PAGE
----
Boarding school

Dieting to death: a black comedy of boarding school life

It sounds in bad taste, but Scarlett Thomas has written a riotously enjoyable novel about a boarding school full of girls with eating disorders. It’s not that Thomas doesn’t take eating disorders seriously; she takes them so seriously that one of the girls dies. But there are few more vivaciously original novelists around today, and surely none of them is having as much fun while making serious points. Elsewhere, Thomas has written compellingly about her own orthorexia (or obsessive desire to control her diet); but this doesn’t mean that she is above lampooning the hysterical pronouncements of the diet-obsessed — not least that fruit, unless you pick it in the

The rise of the flexi-boarder

Spend a night at Woldingham School in Surrey — with its wellness room, indoor tennis dome and a menu offering cod steak with prawns and tarragon, all just an hour’s drive from London — and you may feel like you’re on an upmarket mini-break. It’s perhaps no surprise, then, that the number of ‘flexi-boarders’ — pupils who stay the night at school just once or twice a week — has grown three-fold since it was introduced three years ago. ‘It’s the perfect solution for us,’ says Siobhan Burgess, who works for the Cabinet Office and whose 14-year-old daughter boards up to two nights a week at the school to fit

School houses provide camaraderie, challenges – and a healthy dose of ruthless competition

‘Come on Burghley! That’s it Porter, you can do it!’ It was sports day 2008, and we were winning. Of course we were winning — weeks of tactical diagrams had gone into making sure of it. The runners crossed over the line and a cheer went up from the blue side. ‘YESSSSSSSSSS!’ screamed a gaggle of teenagers, their faces painted blue. An hour later, the house cup was ours, paraded back to school by triumphant sixth formers. They say your school days are the best of your life, but I’d go one further: the days you spent competing for house points — those are the best of your life. I’ve

School portraits | 6 September 2018

    Bath Academy   Based in the beautiful city of Bath, this tutorial college is one of very few in the south-west to offer flexible academic programmes for a wide range of students. As well as being a sixth-form college, Bath Academy also offers GCSE courses, revision courses and resits in a wide range of subjects. The Academy’s University Foundation Programme was the UK’s first independent foundation programme. Equivalent to A-levels or the International Baccalaureate, it is designed primarily for international students who want to study at a British university. The focus is on a personalised approach to learning, with small class sizes and regular meetings between students and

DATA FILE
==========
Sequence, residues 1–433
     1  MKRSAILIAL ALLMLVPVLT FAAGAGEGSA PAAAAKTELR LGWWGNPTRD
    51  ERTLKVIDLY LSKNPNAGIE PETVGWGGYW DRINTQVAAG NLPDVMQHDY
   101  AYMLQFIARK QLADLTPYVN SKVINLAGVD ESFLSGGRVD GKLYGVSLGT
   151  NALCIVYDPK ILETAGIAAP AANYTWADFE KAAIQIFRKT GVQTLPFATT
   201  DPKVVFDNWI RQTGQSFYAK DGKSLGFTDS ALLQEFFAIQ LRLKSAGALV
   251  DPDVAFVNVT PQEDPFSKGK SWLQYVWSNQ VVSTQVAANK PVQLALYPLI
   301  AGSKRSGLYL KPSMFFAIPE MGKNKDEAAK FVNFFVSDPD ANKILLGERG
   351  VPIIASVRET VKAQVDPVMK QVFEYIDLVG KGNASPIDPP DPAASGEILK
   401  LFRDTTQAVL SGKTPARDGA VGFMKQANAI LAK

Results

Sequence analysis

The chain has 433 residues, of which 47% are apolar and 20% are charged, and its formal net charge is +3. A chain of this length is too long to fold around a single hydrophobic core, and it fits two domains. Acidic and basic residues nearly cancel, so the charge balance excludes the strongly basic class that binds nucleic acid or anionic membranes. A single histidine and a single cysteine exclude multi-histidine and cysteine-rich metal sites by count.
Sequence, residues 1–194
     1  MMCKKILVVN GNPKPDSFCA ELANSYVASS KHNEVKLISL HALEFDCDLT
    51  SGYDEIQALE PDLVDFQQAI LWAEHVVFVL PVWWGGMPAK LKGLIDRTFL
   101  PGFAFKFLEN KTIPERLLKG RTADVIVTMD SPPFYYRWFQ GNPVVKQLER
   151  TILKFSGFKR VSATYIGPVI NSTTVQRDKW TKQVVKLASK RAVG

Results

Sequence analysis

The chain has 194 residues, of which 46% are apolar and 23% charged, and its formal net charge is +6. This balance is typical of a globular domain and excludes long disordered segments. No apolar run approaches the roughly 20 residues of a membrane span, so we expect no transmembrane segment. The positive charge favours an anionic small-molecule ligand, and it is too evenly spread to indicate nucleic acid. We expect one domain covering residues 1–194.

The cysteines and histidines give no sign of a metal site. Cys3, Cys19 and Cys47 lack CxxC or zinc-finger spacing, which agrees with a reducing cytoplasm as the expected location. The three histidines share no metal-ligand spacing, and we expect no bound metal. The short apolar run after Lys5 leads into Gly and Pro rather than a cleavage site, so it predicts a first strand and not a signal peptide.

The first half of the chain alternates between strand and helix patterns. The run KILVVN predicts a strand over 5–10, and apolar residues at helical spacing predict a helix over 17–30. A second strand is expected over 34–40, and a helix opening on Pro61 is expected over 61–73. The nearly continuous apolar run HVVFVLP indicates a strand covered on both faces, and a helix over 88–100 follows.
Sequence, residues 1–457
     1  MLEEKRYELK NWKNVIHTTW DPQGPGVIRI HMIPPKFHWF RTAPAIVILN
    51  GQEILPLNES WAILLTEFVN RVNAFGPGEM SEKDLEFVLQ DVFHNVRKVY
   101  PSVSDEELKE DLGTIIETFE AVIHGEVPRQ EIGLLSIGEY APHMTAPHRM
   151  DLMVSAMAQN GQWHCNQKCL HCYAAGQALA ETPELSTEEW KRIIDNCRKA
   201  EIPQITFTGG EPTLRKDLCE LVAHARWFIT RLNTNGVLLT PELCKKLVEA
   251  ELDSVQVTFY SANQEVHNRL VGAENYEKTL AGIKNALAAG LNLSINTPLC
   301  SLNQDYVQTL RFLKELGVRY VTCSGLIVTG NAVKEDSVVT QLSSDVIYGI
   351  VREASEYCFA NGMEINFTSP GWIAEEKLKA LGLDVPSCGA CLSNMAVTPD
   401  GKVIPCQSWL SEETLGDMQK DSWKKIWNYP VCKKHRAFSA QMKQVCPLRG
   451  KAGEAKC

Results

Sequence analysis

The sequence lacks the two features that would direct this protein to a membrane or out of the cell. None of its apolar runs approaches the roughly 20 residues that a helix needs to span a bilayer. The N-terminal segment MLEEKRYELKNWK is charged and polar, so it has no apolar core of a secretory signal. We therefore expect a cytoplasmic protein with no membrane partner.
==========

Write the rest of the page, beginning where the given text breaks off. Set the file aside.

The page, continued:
School portraits | 15 March 2018

Ludgrove There aren’t many traditional all-boys, full-boarding prep schools left in the UK, but Ludgrove in Berkshire is one. ‘Our boys speak for themselves and it is them that make Ludgrove special. They are full of spark and never short of things to say,’ according to the school. There are two mantras of Ludgrove life, ‘Be kind’ and ‘Be the best you can’, while the school motto is: ‘Whatsoever thy hand findeth to do, do it with all thy might’ (Ecclesiastes 9:10). Ludgrove has a strong academic record — around 70 per cent of the top year go on to Eton, Harrow, Radley or Winchester — but sport and tradition

Box of delights | 7 September 2017

No mother, wrote Roald Dahl in his childhood memoir Boy, would send her son off to prep school without, at the very least, the following in his tuck box: a home-made currant cake, a packet of squashed-fly biscuits, a couple of oranges, an apple, a banana, a pot of strawberry jam or Marmite, a bar of chocolate, a bag of Liquorice Allsorts, and a tin of Bassett’s lemonade powder. To these, a boy would add ‘all manner of treasures’, such as magnets, pocket knifes, balls of string, clockwork racing cars, lead soldiers, tiddlywinks, catapults, stink bombs and Mexican jumping beans. One boy in Dahl’s class at St Peter’s in Weston-super-Mare

School portraits | 7 September 2017

  Walhampton School   The ethos at this prep school on the edge of Hampshire’s New Forest is very much one of living life to the full; history lessons involve re-enactments of the Battle of Hastings on horseback or the Battle of Trafalgar on a lake. Every year pupils go to ‘camp’ for a week at the end of the summer term; activities include day trips to RNLI stations, visits to local historical sites and a week on the Isle of Mull. Horse riding is also part of the curriculum, with a stable-full of ponies available for lessons. Walhampton describes itself as encompassing the ‘Swallows and Amazons spirit’, and aside

Sink or swim | 15 June 2017

I used to worry that I would never be a good writer because my childhood wasn’t interesting enough. I now think there must be some other explanation. Because the truth is that, when I was still pretty young, my parents banished me to an isolated community where for years on end I was compelled to dress in heritage costume, endure the uncanny absence of women and participate in ritualistic group activities, often of a physical or religious nature. That’s right. I am an Old Harrovian. On the face of it, this seems like an odd choice for my parents to have made for me — although it isn’t as bat-cave